The long-disputed history of a legendary Ferrari works racer has been resolved once and for all in order for the multi-million pound car to be sold.
After years of controversy, the ex-Umberto Maglioli Ferrari 375 Plus was unveiled to a specially invited audience of 20 at Bonhams' New Bond Street HQ last night.
The 4.9-litre 375 Plus was Ferrari's most fearsome sports racer in period, with just five cars being built to contend the 1954 World Sports Car Championship.
The lightweight all-alloy 330bhp monsters were piloted by the likes of Gonzalez and Maglioli at Le Mans, where it won, and on the Carrera PanAmericana.
The first of them, chassis 0834 AM, was raced by Maglioli on the Mille Miglia and at Le Mans – with Paolo Marzotto, above – and by Gonzalez at Silverstone (below).
When its works career ended it passed to Kleenex heir Jim Kimberly, then Howard Hively and then Karl Kleve in the United States. From Kleve it moved into the collection of Ecurie Francorchamps legend Jacques Swaters who had the car fully restored.
After that it all turned sour with a bitter title dispute breaking out when the correct engine and parts of the original bodywork emerged in the US.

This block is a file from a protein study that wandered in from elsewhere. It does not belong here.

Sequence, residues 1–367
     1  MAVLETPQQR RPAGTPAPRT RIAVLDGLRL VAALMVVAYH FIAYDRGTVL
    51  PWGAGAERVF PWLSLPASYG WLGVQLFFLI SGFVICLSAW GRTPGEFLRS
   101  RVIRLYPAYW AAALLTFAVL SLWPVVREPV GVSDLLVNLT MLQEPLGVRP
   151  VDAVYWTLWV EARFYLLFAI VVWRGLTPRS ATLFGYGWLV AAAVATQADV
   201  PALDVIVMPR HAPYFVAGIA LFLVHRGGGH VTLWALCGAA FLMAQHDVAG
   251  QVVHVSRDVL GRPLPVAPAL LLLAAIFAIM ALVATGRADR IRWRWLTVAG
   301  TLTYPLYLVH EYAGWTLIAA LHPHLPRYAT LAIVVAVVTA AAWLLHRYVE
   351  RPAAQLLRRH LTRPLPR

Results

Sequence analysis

Now, however, that has been settled by both parties agreeing to sell their claims together. That means that the Swaters family's car will be sold with the correct engine, along with the spare motor, what remains of the original bodywork – still bearing traces of the livery from the 1957 Cuban Grand Prix – and other parts.
Philip Kantor, Bonhams head of motor cars for mainland Europe, said: “We are honoured to have been chosen to sell this wonderful car, which represents a key early stage in the Ferrari racing legend. It is very rare indeed for a Ferrari team works car with continuous history and undisputed identity to come to the market for sale by public auction. We believe it will attract interest from all over the world.”
Ferrari experts were cagey to put a value on the car, but with its history given a clean bill of health a figure of £8-10million was generally accepted to be realistic.